This year marks the fiftieth anniversary of the publication of The Genesis Flood, by Henry Morris and John Whitcomb. This was, perhaps, the most influential young-Earth creationist book of the twentieth century, and was listed at #22 on Christianity Today’s Top 50 Books That Have Shaped Evangelicals.
Morris (a hydraulic engineering professor at the time) and Whitcomb (a theologian) made a serious, scholarly attempt to demonstrate that the Bible requires a young Earth and global flood; and that this global flood provides a better explanation for the world’s sedimentary rocks than does the standard geological explanation.
Henry Morris, who passed away at age 87 back in 2006, was committed to the truthfulness of the Scriptures and to the Gospel of Jesus Christ. That in itself puts me on his side rather than on that of his opponents. I may strongly differ with Morris’ Biblical interpretation on a secondary issue (he would have said it was a primary issue), and on his geological thinking (the Flood geology model presented in the book didn’t work then, and it doesn’t work now after fifty years of refinement), but he was a faithful servant of Christ, and for that I am thankful.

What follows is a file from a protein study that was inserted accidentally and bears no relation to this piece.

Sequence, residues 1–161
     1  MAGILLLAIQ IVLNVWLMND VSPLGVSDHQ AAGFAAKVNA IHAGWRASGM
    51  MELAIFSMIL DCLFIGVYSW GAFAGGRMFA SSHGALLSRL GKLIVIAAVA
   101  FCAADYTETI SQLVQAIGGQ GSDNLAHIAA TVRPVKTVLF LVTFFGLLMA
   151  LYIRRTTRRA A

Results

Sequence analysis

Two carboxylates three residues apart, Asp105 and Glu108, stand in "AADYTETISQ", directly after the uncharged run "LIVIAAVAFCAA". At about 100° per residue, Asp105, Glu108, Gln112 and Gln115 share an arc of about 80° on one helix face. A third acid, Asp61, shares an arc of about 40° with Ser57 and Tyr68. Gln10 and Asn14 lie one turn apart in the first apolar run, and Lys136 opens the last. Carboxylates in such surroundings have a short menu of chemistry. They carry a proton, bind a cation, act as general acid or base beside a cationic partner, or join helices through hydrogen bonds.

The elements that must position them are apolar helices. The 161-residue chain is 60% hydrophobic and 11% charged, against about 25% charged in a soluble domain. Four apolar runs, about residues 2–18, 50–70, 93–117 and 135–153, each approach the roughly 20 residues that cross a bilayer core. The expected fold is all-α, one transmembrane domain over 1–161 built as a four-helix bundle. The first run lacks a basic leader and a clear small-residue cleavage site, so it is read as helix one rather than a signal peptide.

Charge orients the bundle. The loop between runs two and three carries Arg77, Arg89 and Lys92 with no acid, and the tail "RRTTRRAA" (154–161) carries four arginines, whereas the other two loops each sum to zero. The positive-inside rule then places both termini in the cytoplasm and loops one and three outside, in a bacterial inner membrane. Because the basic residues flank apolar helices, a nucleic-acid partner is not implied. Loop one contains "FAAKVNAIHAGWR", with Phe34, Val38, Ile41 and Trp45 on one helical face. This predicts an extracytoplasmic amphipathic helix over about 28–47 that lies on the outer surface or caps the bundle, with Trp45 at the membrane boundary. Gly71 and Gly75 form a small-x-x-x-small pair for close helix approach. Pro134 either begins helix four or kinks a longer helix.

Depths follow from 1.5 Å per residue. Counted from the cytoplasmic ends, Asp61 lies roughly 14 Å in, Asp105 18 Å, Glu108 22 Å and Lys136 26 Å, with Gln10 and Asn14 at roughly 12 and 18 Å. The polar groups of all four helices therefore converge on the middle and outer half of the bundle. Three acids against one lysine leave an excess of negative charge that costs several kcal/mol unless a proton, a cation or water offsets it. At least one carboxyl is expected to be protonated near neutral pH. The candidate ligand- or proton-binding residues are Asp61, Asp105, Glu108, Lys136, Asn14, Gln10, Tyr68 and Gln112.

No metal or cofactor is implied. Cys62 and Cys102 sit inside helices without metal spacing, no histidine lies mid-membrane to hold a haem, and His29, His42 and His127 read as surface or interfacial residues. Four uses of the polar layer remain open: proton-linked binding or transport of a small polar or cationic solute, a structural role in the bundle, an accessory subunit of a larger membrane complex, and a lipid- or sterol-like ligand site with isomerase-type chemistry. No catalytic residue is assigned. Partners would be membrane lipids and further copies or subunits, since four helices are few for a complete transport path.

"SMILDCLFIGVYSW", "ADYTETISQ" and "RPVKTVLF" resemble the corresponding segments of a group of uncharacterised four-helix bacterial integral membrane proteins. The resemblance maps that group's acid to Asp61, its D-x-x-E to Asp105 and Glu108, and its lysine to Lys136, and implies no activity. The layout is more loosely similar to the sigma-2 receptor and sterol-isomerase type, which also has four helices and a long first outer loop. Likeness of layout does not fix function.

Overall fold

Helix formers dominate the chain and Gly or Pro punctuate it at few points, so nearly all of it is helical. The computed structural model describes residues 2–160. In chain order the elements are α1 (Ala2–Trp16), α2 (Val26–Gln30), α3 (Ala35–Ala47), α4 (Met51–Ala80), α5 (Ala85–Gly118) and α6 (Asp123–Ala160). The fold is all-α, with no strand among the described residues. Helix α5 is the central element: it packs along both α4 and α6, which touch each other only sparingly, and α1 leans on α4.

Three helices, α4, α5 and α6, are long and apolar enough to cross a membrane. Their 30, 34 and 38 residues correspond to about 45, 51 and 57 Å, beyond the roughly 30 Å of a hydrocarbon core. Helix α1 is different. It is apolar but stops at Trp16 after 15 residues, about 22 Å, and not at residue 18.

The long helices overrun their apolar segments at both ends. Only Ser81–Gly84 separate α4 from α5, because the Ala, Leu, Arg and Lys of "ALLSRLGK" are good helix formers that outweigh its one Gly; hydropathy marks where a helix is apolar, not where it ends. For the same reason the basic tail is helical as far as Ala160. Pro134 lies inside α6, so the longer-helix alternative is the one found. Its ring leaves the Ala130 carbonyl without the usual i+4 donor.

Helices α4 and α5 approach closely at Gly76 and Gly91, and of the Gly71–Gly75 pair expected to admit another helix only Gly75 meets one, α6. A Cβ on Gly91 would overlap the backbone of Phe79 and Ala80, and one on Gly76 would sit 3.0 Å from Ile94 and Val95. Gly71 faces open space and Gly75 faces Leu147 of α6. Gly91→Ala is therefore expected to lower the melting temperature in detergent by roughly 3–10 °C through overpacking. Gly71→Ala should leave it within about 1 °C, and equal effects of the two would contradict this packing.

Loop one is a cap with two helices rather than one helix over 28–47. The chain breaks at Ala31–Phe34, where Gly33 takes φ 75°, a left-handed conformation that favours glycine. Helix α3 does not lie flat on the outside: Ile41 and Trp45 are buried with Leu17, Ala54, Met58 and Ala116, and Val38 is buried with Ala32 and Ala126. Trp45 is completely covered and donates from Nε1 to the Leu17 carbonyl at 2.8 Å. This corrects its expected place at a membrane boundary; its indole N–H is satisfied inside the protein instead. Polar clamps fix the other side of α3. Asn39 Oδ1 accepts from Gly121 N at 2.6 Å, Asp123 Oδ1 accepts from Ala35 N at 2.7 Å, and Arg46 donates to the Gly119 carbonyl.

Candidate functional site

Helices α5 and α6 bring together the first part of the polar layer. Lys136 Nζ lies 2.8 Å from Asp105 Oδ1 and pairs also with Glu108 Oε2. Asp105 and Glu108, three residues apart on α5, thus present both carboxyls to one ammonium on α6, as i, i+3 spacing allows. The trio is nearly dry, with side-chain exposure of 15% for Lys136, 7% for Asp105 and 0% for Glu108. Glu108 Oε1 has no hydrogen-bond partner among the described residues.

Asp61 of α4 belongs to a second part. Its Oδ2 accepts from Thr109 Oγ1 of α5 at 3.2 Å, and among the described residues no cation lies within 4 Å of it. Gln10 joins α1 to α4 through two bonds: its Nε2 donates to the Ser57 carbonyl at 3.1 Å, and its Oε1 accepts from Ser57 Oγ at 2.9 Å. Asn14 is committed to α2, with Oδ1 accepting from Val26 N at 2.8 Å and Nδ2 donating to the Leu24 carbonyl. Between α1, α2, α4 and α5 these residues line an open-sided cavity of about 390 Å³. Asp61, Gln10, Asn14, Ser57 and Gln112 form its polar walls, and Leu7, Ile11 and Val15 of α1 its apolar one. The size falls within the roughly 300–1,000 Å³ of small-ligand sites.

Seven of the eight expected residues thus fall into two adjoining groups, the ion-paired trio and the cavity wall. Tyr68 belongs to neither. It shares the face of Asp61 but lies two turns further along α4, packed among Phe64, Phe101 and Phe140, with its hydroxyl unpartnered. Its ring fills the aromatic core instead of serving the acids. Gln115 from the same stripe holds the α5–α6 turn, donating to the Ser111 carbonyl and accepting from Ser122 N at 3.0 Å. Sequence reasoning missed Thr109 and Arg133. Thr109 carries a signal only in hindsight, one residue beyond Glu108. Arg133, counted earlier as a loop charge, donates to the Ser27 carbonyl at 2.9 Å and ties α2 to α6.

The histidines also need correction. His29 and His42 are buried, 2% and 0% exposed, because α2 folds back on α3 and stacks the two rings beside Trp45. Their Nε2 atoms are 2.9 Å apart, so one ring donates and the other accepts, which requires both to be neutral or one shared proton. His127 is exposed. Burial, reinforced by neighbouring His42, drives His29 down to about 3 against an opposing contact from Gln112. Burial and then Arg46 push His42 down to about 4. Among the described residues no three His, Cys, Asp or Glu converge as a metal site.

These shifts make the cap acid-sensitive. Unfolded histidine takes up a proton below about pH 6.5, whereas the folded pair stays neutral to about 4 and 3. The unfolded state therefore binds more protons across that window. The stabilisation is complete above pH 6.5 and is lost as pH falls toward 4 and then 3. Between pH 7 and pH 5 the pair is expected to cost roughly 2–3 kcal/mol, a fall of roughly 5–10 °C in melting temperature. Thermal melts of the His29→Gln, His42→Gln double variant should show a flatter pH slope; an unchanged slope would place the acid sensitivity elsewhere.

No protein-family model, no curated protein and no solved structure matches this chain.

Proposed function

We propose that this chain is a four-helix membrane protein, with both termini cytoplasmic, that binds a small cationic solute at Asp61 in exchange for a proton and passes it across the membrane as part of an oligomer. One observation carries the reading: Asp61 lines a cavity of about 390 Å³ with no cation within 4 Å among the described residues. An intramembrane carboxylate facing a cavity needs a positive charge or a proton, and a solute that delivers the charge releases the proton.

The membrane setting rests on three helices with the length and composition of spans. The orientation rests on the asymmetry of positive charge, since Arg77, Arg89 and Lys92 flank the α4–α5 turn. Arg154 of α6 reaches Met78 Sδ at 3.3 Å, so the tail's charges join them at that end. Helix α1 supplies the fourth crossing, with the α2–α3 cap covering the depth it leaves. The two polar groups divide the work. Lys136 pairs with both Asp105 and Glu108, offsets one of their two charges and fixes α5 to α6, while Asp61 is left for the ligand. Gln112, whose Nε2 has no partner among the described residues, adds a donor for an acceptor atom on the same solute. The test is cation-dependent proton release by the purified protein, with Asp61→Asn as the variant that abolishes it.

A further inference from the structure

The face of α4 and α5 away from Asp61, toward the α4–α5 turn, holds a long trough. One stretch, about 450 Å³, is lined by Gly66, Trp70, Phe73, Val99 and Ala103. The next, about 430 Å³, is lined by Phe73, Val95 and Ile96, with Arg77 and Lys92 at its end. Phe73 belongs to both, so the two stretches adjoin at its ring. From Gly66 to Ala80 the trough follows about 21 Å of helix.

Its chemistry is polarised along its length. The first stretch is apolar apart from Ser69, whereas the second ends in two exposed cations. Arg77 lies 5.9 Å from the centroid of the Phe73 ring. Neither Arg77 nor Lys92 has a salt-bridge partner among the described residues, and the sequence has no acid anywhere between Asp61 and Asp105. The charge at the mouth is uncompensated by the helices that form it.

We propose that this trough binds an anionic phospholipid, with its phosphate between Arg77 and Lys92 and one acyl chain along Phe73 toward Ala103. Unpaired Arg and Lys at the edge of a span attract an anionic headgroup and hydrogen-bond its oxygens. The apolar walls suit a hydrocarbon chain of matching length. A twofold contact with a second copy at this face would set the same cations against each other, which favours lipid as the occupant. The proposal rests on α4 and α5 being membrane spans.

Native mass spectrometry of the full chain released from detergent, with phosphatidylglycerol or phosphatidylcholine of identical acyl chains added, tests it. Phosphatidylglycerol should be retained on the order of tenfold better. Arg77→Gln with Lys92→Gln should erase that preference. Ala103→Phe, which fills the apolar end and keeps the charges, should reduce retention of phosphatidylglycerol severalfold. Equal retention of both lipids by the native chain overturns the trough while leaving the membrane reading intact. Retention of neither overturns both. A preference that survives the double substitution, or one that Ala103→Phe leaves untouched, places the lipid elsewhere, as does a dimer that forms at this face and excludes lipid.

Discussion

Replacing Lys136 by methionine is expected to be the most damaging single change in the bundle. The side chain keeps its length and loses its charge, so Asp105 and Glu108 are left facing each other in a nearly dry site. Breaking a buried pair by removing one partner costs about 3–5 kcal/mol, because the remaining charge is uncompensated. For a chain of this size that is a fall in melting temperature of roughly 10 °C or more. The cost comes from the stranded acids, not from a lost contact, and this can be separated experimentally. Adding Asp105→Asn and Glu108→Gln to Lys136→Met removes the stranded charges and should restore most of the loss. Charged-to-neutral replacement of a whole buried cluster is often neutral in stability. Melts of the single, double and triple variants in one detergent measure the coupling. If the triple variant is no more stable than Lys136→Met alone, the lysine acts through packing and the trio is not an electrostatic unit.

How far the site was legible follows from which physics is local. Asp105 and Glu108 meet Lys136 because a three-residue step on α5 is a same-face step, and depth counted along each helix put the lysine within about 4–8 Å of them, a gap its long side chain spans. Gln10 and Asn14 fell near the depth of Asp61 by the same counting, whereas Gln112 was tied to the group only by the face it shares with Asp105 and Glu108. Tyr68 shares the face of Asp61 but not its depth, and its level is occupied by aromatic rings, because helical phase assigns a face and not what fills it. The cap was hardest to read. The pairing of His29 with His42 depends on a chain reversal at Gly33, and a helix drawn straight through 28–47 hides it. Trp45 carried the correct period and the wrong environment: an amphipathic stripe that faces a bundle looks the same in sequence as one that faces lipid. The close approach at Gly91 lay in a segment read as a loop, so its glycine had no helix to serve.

In his New York Times obituary, one of his opponents (Eugenie Scott, humanist, director of the National Center for Science Education) described Morris as cordial and gentlemanly. Morris exemplified the words of 1 Peter 3:15-16:
But in your hearts set apart Christ as Lord. Always be prepared to give an answer to everyone who asks you to give the reason for the hope that you have. But do this with gentleness and respect, keeping a clear conscience, so that those who speak maliciously against your good behavior in Christ may be ashamed of their slander. (NIV 1984)
Morris went to be with our Lord and Savior the same month I started writing this blog. I aim to have the same gentle and respectful attitude Morris had towards those with whom I differ. I am sure that at times I fall short of the Scriptural standard.
Grace and Peace